The Canadian Press
MONTREAL — A well-known Quebec boxing promoter is defending himself before a tribunal against accusations stemming from two of his boxing cards, including claims he fixed a bout and hosted members of criminal biker gangs in reserved ringside seats.
The hearing against Groupe Yvon Michel began Tuesday in Montreal before an administrative tribunal of the provincial authority that oversees combat sports.
Mario Lacroix, the authority’s representative, told the tribunal of several irregularities that he said occurred during boxing events in May and September 2019, promoted jointly by Michel’s company and New Era Fighting.
Lacroix said he saw members of the Hells Angels biker gang in the ringside seats reserved for the promoters during a Sept. 20 bout at Montreal’s Centre Pierre-Charbonneau. Lacroix added that he saw two separate sets of security teams that night, including one agent who had a Hells Angels tattoo on his forearm.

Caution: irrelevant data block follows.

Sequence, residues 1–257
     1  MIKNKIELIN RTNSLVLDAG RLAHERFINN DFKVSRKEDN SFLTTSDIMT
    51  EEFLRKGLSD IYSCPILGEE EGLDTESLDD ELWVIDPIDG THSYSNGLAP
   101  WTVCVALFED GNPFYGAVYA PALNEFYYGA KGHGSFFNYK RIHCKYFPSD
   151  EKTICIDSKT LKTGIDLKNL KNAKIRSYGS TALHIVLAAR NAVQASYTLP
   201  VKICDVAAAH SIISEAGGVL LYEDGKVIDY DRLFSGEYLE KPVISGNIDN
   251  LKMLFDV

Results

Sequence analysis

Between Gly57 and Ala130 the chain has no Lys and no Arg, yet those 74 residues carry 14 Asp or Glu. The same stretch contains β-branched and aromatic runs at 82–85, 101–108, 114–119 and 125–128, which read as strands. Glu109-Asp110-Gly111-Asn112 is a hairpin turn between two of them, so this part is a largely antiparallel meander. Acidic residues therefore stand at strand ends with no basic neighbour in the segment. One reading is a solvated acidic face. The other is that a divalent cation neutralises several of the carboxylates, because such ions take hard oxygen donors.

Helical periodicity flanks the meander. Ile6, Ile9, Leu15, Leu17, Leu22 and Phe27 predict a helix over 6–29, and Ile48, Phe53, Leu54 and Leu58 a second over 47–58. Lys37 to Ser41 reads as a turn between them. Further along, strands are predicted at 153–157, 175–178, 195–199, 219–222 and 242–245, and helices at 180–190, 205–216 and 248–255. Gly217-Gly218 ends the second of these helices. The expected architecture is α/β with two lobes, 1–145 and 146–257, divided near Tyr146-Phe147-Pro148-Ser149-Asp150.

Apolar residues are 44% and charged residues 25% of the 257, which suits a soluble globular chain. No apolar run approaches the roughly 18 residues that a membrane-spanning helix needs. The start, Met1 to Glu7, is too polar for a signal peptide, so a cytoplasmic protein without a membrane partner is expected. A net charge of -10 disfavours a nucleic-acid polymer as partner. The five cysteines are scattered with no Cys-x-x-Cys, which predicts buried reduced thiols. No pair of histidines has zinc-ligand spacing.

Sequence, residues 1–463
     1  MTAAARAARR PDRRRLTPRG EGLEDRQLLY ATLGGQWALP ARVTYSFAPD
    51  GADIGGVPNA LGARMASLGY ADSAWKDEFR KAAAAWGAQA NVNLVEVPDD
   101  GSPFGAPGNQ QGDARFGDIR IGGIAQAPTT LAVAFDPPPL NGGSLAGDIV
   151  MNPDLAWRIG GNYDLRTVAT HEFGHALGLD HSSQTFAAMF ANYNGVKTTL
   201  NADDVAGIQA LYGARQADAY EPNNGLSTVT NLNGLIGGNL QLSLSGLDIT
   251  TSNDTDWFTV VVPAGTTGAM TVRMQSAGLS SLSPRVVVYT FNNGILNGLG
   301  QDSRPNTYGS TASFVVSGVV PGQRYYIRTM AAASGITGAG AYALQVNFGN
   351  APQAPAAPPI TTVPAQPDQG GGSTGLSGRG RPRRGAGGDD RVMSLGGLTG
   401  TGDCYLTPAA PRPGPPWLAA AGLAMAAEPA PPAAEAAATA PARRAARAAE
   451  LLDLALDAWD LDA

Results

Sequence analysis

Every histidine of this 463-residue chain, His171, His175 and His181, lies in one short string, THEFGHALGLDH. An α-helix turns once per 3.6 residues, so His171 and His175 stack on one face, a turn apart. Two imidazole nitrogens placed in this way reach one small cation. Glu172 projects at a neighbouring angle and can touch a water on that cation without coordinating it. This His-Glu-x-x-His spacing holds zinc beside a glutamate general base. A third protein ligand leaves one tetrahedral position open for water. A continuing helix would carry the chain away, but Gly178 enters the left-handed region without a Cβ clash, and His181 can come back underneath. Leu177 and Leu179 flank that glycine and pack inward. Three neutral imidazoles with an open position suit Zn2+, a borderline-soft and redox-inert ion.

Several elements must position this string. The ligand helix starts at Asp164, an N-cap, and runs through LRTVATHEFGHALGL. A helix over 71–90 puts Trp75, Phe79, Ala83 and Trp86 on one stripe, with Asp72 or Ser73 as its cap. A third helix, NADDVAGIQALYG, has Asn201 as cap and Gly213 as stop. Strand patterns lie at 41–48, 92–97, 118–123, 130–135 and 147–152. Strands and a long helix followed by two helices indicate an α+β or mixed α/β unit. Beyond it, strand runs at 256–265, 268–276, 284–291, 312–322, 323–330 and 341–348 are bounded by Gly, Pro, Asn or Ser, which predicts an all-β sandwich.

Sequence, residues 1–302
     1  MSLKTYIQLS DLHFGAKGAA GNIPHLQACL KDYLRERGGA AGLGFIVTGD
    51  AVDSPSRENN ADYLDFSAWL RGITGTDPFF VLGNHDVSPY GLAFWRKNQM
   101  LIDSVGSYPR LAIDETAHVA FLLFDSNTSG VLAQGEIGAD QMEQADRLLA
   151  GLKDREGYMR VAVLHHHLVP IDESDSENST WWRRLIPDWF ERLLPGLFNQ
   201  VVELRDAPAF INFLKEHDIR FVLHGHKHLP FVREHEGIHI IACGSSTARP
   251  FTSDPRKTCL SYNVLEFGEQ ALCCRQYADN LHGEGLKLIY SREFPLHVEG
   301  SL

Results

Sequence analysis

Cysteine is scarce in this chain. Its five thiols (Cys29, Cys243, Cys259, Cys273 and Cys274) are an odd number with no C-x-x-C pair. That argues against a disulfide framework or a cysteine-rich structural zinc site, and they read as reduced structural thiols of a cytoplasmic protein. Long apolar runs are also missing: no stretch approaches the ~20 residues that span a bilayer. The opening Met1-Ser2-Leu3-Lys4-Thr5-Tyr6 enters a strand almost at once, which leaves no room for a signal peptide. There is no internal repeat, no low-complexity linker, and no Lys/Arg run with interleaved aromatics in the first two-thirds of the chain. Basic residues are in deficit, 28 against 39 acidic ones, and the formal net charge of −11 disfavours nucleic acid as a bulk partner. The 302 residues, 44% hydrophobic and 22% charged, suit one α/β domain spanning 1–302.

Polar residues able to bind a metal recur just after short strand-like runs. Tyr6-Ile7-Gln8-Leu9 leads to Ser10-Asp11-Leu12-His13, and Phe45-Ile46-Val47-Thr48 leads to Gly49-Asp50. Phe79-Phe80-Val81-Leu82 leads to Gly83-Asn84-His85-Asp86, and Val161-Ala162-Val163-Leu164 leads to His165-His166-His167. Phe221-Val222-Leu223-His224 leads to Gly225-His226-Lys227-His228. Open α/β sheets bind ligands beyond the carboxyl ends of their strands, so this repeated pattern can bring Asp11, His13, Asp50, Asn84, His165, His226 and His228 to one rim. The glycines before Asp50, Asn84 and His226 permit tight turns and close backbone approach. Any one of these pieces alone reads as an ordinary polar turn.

He also said he thinks a charity bout between strongman Hugo Girard and mixed martial artist Patrick Cote was fixed and did not respect provincial regulations.
Det.-Sgt. Erick Monfette of the Montreal police also testified that police photographed numerous people connected to criminal groups or members of their entourages at the Sept. 20 event, although he said he never saw anyone in the photos with a Hells Angels tattoo.
Joliane Pilon, lawyer for Quebec’s Regie des alcools, des courses et des jeux, presented the tribunal judges with a long list of bills and invoices that were either destined to New Era Fighting or paid by Michel’s co-promoter. Pilon attempted to show that a third party — who wasn’t licensed to hold a sporting event — was behind the boxing card.
Michel’s lawyer, Martin Pichette, said many sporting events are co-organized by groups that aren’t specifically licensed to do so. It happens all the time with junior hockey clubs, for instance, Pichette told the tribunal.
Michel told reporters outside the courtroom that New Era Fighting was a co-promoter, but his company — which was properly licensed — was the main organizer.
All the responsibilities for the boxing cards fell to his company, he said.
“I think their evidence and their arguments are thin,” said Michel, who has denied all the allegations and is scheduled to testify Wednesday. “I think they are not conscious of the reality that we are in.”
He said his testimony will help the authority understand its own rules.
“It’s clear,” he said, “that they are trying to sully my reputation and my credibility.”
This report by The Canadian Press was first published Feb. 18, 2020.